XAFS Study of MoS2 Intercalation Compounds Y. Zubavichus, A. Golub, Y. Novikov, Y. Slovokhotov, A. Nesmeyanov, P. Schilling, R. Tittsworth
To cite this version: Y. Zubavichus, A. Golub, Y. Novikov, Y. Slovokhotov, A. Nesmeyanov, et al.. XAFS Study of MoS2 Intercalation Compounds. Journal de Physique IV Colloque, 1997, 7 (C2), pp.C3-1057-C3-1059. <10.1051/jp4:19972136>.
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J PHYS IV FRANCE 7 (1 997) Colloque C2, SupplCment au Journal de Physique I11 d'avril 1997
XAFS Study of MoS2 Intercalation Compounds Y.V. Zubavichus, A.S. Golub, Y.N. Novikov, Y.L. Slovokhotov, A.N. Nesmeyanov, P.J. Schilling* and R.C. Tittsworth* Institute of Organoelement Compounds (INEOS RAS), 28 Vavilov St., Moscow 11 7334, Russia * Center for Advanced Microstructures and Devices (CAMD), Louisiana State University, 3990 West Lakeshore Drive, Baton Rouge, LA 70803, U.S.A.
Abstract: MO&intercalated with Mn, CO,Ni, and Ru species, prepared fiom single layer MO&dispersions in water, were studied by x-ray absorption spectroscopy. M K-edge EXAFS results (M = Mn, CO,Ni) are consistent with an alternating
MO&-M(OH),layered structure. For the Mn and COintercalates the MO&layers were fomd to be very similar to that of the parent crystalline MO&with higonal prismatic coordination of the MOatoms. For the Ni and Ru intercalates, MOK edge EXAFS revealed structural rearraagement of MO&layers similar to that observed for MO&single layers, with octahedral coordination of MO. S K edge XANES spectra reveal that the rearrangement is coupled with a change in the electronic structure of the S atoms in the matrix. 'Ihese changes can be associated with charge transfer between 'host' and 'guest' layers. h addition, SO4* and Mowwere detected in some of the intercalated materials, presumably due to exposure to air, suggesting that transition metal intercalation may increasethe susceptibility of the MO&layers to oxidation.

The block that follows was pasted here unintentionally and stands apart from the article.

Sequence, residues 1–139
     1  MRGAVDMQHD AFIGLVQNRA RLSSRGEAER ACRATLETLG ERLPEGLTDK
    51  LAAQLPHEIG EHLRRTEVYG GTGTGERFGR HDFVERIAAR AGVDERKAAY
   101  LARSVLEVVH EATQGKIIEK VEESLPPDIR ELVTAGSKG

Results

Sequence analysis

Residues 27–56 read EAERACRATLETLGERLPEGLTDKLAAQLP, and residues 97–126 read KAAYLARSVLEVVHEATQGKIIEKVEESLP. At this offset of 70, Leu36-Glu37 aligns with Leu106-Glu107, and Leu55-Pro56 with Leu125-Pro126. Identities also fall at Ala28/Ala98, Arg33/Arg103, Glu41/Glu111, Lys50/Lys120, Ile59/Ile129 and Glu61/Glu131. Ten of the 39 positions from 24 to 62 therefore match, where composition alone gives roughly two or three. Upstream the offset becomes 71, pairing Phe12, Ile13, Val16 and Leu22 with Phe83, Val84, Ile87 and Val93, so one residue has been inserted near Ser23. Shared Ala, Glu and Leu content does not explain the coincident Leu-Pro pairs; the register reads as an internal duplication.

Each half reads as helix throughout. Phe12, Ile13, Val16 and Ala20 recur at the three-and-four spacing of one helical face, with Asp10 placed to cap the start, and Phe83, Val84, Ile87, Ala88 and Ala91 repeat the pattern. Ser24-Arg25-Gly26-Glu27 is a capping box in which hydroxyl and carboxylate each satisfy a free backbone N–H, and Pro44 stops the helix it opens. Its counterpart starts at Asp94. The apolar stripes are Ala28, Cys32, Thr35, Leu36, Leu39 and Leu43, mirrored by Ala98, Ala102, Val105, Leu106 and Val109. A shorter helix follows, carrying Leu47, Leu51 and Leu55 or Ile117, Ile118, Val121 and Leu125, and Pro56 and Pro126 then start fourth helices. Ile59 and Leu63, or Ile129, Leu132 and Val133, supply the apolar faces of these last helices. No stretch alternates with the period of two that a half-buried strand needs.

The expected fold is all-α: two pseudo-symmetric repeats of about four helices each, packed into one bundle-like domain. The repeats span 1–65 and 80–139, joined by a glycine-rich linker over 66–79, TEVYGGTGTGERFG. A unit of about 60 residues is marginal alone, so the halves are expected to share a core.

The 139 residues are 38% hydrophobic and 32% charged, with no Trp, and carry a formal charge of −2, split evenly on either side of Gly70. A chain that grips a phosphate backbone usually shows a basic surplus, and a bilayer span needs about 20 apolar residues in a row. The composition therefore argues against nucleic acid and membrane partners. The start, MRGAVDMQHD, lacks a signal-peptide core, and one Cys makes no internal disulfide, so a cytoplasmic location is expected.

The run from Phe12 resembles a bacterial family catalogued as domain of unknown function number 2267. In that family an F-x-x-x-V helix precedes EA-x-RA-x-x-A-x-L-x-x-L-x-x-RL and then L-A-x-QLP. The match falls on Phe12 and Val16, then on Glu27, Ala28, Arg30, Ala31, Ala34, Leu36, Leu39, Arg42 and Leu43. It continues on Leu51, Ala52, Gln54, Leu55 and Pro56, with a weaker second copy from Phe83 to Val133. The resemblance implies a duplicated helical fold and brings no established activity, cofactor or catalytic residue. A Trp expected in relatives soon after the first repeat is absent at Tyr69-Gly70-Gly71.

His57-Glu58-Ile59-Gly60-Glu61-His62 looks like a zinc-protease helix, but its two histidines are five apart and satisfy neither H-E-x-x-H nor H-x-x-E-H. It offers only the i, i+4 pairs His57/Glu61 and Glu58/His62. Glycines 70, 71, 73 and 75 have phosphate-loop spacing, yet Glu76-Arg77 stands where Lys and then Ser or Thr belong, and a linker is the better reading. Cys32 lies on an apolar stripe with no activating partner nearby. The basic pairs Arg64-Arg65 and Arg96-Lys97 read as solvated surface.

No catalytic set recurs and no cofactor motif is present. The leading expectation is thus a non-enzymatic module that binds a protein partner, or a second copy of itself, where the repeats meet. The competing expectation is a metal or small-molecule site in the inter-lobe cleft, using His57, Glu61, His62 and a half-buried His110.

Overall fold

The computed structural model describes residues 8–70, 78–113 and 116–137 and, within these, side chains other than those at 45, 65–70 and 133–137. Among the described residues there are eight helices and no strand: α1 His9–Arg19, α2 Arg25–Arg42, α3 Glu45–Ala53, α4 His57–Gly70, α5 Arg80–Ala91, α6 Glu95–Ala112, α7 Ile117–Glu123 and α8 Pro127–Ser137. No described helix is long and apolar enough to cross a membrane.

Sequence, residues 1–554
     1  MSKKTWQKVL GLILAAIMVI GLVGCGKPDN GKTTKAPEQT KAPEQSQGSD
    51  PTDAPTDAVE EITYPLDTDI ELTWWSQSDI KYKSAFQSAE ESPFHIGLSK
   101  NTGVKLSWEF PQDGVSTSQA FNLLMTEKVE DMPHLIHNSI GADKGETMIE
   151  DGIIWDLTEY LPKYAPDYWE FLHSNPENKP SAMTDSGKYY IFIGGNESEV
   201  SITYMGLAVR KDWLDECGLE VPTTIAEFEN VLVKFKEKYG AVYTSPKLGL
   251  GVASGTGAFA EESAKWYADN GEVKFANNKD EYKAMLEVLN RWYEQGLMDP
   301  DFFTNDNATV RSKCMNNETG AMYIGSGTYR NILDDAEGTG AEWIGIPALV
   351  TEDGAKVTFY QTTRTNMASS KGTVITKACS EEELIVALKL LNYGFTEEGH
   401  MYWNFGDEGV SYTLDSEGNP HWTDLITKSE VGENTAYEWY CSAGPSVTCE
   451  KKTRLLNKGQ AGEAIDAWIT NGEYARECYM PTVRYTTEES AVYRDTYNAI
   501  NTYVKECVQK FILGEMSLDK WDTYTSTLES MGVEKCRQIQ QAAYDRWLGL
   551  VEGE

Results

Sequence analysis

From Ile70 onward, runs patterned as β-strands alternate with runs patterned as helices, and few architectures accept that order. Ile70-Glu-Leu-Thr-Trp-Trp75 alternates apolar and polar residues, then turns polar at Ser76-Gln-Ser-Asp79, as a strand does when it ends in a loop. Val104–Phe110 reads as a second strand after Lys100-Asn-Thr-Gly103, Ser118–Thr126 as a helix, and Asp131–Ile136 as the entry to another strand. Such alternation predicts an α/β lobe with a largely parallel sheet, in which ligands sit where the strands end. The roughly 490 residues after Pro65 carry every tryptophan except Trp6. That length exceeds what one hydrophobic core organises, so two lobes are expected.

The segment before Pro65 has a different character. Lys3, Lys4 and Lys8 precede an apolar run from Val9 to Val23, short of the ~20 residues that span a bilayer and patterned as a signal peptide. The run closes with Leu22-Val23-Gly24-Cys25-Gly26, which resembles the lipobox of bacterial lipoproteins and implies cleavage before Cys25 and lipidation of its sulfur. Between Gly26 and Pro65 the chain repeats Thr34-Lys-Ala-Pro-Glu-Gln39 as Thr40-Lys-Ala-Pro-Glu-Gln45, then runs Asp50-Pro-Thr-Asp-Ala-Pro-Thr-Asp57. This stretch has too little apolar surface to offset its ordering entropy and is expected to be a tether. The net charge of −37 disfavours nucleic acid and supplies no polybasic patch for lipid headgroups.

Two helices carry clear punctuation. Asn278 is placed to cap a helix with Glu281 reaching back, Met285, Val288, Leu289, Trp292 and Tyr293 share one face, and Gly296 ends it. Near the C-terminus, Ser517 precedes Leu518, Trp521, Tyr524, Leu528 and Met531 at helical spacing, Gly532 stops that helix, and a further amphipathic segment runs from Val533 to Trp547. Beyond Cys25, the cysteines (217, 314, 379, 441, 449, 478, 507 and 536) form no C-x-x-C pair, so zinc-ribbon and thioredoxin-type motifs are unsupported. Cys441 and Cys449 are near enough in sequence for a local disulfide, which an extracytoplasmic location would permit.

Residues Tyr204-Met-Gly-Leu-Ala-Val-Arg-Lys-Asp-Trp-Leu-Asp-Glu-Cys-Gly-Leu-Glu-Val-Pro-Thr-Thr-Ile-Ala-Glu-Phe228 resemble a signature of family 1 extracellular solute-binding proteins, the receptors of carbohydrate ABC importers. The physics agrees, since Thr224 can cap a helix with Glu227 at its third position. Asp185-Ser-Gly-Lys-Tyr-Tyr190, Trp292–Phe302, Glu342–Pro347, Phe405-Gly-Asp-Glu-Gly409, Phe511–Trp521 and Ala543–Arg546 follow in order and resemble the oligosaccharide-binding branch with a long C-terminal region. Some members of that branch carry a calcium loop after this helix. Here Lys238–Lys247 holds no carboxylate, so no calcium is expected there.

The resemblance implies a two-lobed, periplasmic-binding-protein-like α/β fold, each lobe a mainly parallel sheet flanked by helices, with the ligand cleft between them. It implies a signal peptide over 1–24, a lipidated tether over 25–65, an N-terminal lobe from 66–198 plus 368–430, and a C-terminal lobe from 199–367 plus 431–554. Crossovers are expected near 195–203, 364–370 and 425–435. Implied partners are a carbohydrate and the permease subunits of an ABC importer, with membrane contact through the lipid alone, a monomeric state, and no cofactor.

A number of important MO&-basedcatalysts exhibit enhanced activity and selectivity when doped with transition metals [l31. Intercalation of MO& is a convenient method for inclusion of transition metal atoms into the MO& matrix and the resultant compounds provide useful models for atomic level structural studies (EXAFS) of the MO&-M(OH), association. Furthennore, MO&-M(0m intercalation compounds may be of industrial signi6cance as key components of high-energy density batteries and lubricants. W-MO&,a semiconductorwith a hexagonal layered structure in which each MOatom is coordinated to six S atoms m a trigonal prismatic arrangement, is readily intercalated by lithium.  Upon intercalation, a crystallographic transformation occurs in which the MOcoordination changes from trigonal prismatic to octahedral, which has been explained in terms of charge transfer Erom the Li intercalant to the MO& host and the respective energy-band diagrams of octahedral W and prismatic 1T structures [S]. LilMo& can be exfoliated into monolayers by reaction with water 161. Structural studies of exfoliated MO&single layers and freshly restacked MO&films [7,8] have indicated that the single-layer MO& in suspension in water has a0 = 3.20 A and octahedral coordination of MO to S, with the structure strongly distorted, giving a [email protected] superlattice with MeMo closest distances of about 2.8 and 3.8 A. Upon restacking the octahedrally coordinated MO& appears to be metastable, and reverts to =MO& with heating or aging [S]. MO& samples intercalated with transition metals can be synthesized from single layer MO& dispersions by an ion exchange method, in which the cation neutralizes the charge of the MO& layers and the material flocculates with alternating layers ofUoS2 and M(O%. [9,10,1 l]. Previously conducted XRD and EXAPS studies have revealed a M(OI-&like structure for the intercalant . In this paper, we investigate the detailed structures of both 'host' and 'guest' layers in intercalated compounds prepared in this manner.